Surgical interventions for morbid obesity are common practice in many countries, especially when other treatment options have failed or when rapid weight loss is desired. The association between weight and blood pressure is well established, especially the paradigm of obesity-related hypertension. We describe a 45-year-old obese woman with a medical history of hypertension and type 2 diabetes mellitus who lost 57 kg within a few months after a weight reduction surgery. She suffered from severe orthostatic hypotension, which probably resulted from sympathetic nervous system dysfunction. Our patient's clinical status improved with pharmacological interventions, but her symptoms resolved completely after she gained weight following a surgical reversal of the gastric partitioning owing to a local complication. Autonomic nervous system activity does change with the changes in body weight, but after evaluation of this patient, we believe that rapid weight loss may impair sympathetic function and blood pressure control. Although losing weight is a known treatment option for hypertension, exaggerated reversal of obesity-related hypertension might result in orthostatic hypotension.
Thank you for submitting a comment on this article. It will be reviewed by JAMA Internal Medicine editors. You will be notified when your comment has been published. Comments should not exceed 500 words of text and 10 references.
Do not submit personal medical questions or information that could identify a specific patient, questions about a particular case, or general inquiries to an author. Only content that has not been published, posted, or submitted elsewhere should be submitted. By submitting this Comment, you and any coauthors transfer copyright to the journal if your Comment is posted.
* = Required Field
Disclosure of Any Conflicts of Interest*
Indicate all relevant conflicts of interest of each author below, including all relevant financial interests, activities, and relationships within the past 3 years including, but not limited to, employment, affiliation, grants or funding, consultancies, honoraria or payment, speakers’ bureaus, stock ownership or options, expert testimony, royalties, donation of medical equipment, or patents planned, pending, or issued. If all authors have none, check "No potential conflicts or relevant financial interests" in the box below. Please also indicate any funding received in support of this work. The information will be posted with your response.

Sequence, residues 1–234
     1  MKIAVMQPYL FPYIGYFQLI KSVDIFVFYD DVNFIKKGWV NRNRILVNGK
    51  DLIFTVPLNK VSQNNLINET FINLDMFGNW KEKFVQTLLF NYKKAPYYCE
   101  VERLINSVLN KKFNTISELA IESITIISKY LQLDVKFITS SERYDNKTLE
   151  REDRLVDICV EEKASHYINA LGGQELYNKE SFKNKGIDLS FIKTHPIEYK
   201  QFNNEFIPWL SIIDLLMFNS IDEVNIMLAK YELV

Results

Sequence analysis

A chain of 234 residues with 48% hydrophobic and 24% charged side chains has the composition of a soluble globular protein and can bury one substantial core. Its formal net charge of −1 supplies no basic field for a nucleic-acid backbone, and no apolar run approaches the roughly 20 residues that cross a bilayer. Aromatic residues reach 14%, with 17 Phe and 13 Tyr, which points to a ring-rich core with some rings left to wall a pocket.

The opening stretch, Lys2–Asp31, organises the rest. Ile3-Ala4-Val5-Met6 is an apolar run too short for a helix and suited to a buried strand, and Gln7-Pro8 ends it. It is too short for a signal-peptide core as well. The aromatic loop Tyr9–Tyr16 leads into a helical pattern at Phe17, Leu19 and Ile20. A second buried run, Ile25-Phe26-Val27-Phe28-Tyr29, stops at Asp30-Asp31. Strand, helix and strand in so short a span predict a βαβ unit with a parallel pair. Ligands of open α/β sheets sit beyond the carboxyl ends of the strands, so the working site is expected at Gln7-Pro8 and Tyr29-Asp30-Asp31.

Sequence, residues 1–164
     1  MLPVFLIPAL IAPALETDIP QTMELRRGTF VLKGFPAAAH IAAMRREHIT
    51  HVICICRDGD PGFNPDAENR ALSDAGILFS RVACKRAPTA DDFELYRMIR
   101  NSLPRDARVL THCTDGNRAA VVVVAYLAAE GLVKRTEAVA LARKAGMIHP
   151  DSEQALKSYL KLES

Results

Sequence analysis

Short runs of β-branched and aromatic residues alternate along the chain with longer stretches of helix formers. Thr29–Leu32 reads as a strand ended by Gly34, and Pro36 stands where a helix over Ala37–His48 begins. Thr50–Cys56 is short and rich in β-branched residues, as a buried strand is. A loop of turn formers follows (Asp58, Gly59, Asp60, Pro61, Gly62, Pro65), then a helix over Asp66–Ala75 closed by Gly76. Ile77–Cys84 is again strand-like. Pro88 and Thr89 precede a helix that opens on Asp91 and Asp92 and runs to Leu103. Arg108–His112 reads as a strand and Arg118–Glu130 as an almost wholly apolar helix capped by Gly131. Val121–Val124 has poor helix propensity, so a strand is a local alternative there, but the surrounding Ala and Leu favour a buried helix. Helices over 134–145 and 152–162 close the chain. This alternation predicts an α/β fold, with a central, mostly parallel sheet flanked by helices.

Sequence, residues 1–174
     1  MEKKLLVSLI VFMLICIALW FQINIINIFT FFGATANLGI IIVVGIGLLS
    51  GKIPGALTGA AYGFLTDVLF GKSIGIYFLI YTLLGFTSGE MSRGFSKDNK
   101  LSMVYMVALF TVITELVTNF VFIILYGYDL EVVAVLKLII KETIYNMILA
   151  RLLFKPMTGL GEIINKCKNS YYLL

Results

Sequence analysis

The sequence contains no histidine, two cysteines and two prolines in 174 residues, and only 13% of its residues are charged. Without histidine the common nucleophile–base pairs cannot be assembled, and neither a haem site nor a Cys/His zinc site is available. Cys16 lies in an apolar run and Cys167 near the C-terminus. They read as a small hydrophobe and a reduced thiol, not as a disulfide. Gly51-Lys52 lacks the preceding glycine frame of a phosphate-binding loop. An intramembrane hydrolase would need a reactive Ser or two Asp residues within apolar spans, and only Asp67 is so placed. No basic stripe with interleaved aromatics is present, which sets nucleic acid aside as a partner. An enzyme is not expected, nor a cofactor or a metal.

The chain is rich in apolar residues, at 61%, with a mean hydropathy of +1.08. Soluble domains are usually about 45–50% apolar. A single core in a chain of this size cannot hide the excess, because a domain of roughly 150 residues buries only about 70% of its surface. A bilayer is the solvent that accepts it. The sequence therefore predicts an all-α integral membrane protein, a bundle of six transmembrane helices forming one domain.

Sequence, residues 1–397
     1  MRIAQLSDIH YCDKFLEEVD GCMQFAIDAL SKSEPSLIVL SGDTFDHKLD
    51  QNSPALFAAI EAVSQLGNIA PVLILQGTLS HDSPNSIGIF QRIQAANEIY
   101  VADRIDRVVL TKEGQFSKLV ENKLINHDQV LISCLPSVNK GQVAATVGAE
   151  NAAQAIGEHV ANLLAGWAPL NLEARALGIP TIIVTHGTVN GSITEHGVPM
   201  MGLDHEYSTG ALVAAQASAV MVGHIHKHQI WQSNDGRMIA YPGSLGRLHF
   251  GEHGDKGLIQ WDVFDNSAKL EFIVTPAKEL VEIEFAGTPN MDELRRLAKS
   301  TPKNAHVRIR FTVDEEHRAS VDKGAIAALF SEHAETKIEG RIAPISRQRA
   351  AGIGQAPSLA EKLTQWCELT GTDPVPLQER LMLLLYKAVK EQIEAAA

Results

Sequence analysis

Some tools below are only available to our subscribers or users with an online account.
Download citation file:
Web of Science® Times Cited: 2
Customize your page view by dragging & repositioning the boxes below.
More Listings atJAMACareerCenter.com >
The Rational Clinical Examination
All results at
Enter your username and email address. We'll send you a link to reset your password.
Enter your username and email address. We'll send instructions on how to reset your password to the email address we have on record.
Athens and Shibboleth are access management services that provide single sign-on to protected resources. They replace the multiple user names and passwords necessary to access subscription-based content with a single user name and password that can be entered once per session. It operates independently of a user's location or IP address. If your institution uses Athens or Shibboleth authentication, please contact your site administrator to receive your user name and password.